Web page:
Saint Malo is an incredible seaside city, where my husband’s grandfather happened to have landed in 1944 as part of the allied forces. Despite coming into the city under heavy Nazi fire, he was enthralled with its beauty and brought back two paintings of Saint Malo with him to the states when the war had ended. Saint Malo is also the city that Jacques Cartier departed from when he discovered Quebec. I never knew how much I would grow to love Jacques Cartier.
In 2016, we had the opportunity to travel to Quebec City for Peewee Quebec, which was one of the most incredible trips I’ve ever taken. Thank god for Jacques Cartier discovering Canada because les petit pains au chocolats and other pastries in Quebec City tasted like they had been baked in France. The food in Quebec City. The cuisine of Quebec City is heavily influenced by Breton cuisine and what a tasty treat.
One night two of the moms, a hockey sister and I walked off the beaten path looking for a local bistro. We found the cutest little place that would seat us at their bar, so we wouldn’t have to wait too long. My friend Inga and I let the waitress order us her favorite dishes. I ended up with veal sweet bread dish and Inga ended up with a seafood dish. The food was incredible, though the sweet bread was a bit rich for my tummy. Quite frankly if I had known what it was, I probably wouldn’t have ordered it, but then I would have missed out on the experience.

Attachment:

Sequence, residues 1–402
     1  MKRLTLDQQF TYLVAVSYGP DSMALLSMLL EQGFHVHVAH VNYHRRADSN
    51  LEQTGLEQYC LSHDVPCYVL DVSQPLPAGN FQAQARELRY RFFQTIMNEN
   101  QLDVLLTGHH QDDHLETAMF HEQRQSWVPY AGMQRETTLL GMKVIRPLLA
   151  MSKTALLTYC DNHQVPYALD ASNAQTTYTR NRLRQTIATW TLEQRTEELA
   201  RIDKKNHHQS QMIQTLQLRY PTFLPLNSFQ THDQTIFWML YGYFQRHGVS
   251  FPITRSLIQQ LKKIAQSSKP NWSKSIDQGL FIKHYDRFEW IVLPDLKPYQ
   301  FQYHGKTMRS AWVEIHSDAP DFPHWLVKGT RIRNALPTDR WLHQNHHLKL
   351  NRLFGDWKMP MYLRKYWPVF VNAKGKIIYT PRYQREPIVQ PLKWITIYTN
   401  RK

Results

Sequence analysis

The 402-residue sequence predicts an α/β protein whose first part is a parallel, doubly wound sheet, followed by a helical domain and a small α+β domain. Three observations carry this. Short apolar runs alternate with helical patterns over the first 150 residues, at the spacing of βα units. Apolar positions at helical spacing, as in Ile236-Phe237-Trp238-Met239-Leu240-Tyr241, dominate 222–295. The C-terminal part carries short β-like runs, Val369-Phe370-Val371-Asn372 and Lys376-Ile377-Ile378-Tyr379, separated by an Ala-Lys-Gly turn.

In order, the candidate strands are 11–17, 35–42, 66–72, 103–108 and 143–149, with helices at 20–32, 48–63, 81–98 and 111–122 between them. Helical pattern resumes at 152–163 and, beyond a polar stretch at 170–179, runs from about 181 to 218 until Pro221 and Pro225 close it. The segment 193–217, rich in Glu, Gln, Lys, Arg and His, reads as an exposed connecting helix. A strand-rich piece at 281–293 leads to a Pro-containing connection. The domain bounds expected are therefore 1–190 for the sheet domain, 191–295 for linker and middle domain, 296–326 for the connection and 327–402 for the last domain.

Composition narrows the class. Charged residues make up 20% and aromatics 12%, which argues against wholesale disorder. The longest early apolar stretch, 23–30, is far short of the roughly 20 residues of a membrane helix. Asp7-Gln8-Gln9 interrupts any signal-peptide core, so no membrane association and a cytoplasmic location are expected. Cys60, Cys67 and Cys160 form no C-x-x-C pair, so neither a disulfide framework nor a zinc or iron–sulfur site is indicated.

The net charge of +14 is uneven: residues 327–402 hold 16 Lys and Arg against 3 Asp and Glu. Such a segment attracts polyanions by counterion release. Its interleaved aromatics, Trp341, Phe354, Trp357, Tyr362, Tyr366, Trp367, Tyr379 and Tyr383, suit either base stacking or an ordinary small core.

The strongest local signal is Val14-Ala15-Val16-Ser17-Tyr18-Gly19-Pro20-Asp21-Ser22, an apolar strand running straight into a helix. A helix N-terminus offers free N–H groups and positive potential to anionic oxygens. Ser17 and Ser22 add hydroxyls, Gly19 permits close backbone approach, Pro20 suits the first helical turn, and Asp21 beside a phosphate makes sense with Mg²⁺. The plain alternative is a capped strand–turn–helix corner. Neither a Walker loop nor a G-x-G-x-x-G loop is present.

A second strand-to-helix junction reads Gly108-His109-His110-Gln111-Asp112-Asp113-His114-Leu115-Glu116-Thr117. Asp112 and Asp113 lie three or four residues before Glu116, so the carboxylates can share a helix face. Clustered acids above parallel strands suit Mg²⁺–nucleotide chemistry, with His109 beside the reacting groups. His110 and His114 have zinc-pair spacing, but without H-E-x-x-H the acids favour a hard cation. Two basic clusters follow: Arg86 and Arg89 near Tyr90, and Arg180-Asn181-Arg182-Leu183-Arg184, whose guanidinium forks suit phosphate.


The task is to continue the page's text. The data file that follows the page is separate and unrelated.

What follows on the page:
The most important part of dinner, however, was dessert. After 5 years of waiting and searching high and low in North America, I found a restaurant that served Kouign-amann. It was absolutely amazing. As I ate it, it instantly took me back to Saint Malo and the gite in Normandy. The taste of the cake, combined with the memories of France and the new memories being created that night in Quebec City made for an incredible culinary experience. If we hadn’t gone off the beaten path, we would have missed out.
I look forward to exploring Norway and its foods with my boys this summer. The food, much like the land and the cities we will visit, is a connection to our Norwegian heritage. While my boys are pretty picky eaters at home, I’m hoping this trip abroad will broaden their taste buds.